The Two-Legislature Solution vs. Confederation

One solution to the problems of unequal treatment of Jews and Palestinians within the whole of the territory currently controlled by Israel and the potential minority position of Jews in a democratic Israel is confederation. The Oxford English Dictionary defines confederation as “a political union of sovereign states united for purposes of common action”. In this instance, confederation would consist of two democratic states, one a Jewish majority binational state and one a Palestinian multicultural state, that cooperate in the allocation of resources, the development of infrastructure, mutual defense, and possibly a common currency.

While some confederation proposals go no further than setting this as a goal to be negotiated during an extended period of ceasefire between Israelis and Palestinians, others, such as A Land For All (See: A Land For All | A Land For All), delve deeply into the details of how such a confederation would work. One of their keys goals is, “Two states should be established in this region between the Jordan and the sea – two independent, sovereign states, within the June 1967 borders, in full control of their territories, without one people occupying or controlling the other.” This will be achieved by, “The two states will share institutions of a confederate nature, to decide on joint matters.The two states will decide on the powers granted to these institutions and the issues to be managed by each state individually.” Under the premise that, “This land, between the sea and the Jordan River, is one geographical and historical unit, which both people consider their homeland. You can draw borders in it, but you cannot put up walls. Instead of dividing it, both nations should share it.” And the issue of the Right of Return would be addressed as, “Borders will be set between the two states, but they will be open. Israelis will be allowed to live in Palestine as Israeli citizens and Palestinian residents. Palestinians will be allowed to live in Israel as Palestinian citizens and Israeli residents.”

Under the proposed system, citizens who live in either Israel or Palestine would vote for the government of the country of which they are a citizen. As in most countries, those who are only residents would not have a vote for the government of the territory in which they live, although they would be expected to pay taxes there.

Development of a set of institutions that will have say over “joint matters” will be complex, but it has been done before, such as in the fledgling United States between 1782 and 1789. The greater difficulty will be for those items that are not “joint matters”. If the government of a territory were to take discriminatory actions or make discriminatory laws against non-citizens, those residents would have no recourse other than to complain to the officials in the other country who could not intervene in issues that are not “joint matters”.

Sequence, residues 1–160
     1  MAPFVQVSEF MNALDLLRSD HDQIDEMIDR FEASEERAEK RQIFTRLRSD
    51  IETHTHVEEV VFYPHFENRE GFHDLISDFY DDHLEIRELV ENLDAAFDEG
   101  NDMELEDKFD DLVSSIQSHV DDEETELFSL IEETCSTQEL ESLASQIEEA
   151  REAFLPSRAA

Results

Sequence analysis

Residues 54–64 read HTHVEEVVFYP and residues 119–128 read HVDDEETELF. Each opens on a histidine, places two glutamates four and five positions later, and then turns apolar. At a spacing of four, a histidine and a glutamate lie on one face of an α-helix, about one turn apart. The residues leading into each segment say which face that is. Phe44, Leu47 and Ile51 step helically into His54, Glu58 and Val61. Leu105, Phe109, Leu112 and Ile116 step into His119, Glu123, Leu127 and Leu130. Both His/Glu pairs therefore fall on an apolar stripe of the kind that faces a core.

Two somewhat mundane examples: Potholes and Hijabs

  • If potholes appear in the street in front of your house the usual reaction is to complain to the government agency responsible for road maintenance. However, allocation of funds for such maintenance is in the hands of politicians who are generally most responsive to the voters who elect them. As residents do not vote, it is likely that the areas where they live will get less service than those areas where more voters live, which can result in ghettoization and the unequal treatment confederation seeks to resolve.
  • Each sovereign state has the right to define appropriate dress or what they believe to be indecent exposure. If the government of the State of Palestine were to determine that showing a woman’s hair in public is not allowed and therefore the wearing of a hijab is required outside the home, this would apply not only to Palestinian citizens in Palestine but to resident Jews, even within settlements populated only by those residents. Jewish women who do not wear a hijab could be fined and/or arrested by the Palestinian authorities. While this might upset Jews in Israel, there would be no recourse through the mechanism of confederation.

These are just two examples of the kinds of problems that would be encountered in a confederation that seeks to share the land but without mechanisms for ensuring the rights of non‑citizens.

On the other hand, the Two Legislature Solution ensures that all citizens of Israel: Jewish, Palestinian, and others, all have the clout of being voters to whom government agencies are equally responsible and all have equal input in matters where cultural norms might be given the force of law. And this would be accomplished without special interstate institutions whose authority would extend only as far as each state agrees at any given time.

About the Author
Mr. Ashley is a Mining Engineer with 36 years of experience in the mining industry. He holds a B.S. in Mining Engineering, an M.S. in Mining Engineering (Geostatistics), and an MBA. He is also a Registered Professional Engineer in the State of Nevada (Retired). He has worked on evaluation and development of more than 50 mining projects located in Argentina, Australia, Brazil, Canada, Chile, China, India, Indonesia, Mexico, Morocco, Norway, Peru, Papua New Guinea, Saudi Arabia, Spain, Suriname, Thailand and the USA, involving commodities as diverse as aluminum (including bauxite and alumina), coal, copper, diamonds, gold, iron ore, kaolin, lignite, nickel, oil shale, potash, silver, uranium and zinc. Since his retirement he has dedicated his life to supporting causes that promote sustainable peace and development for all and working within his community to support democracy and good government doing such things as working on the Civil Grand Jury in his County and working as a Poll Worker and Trainer of Poll Workers.
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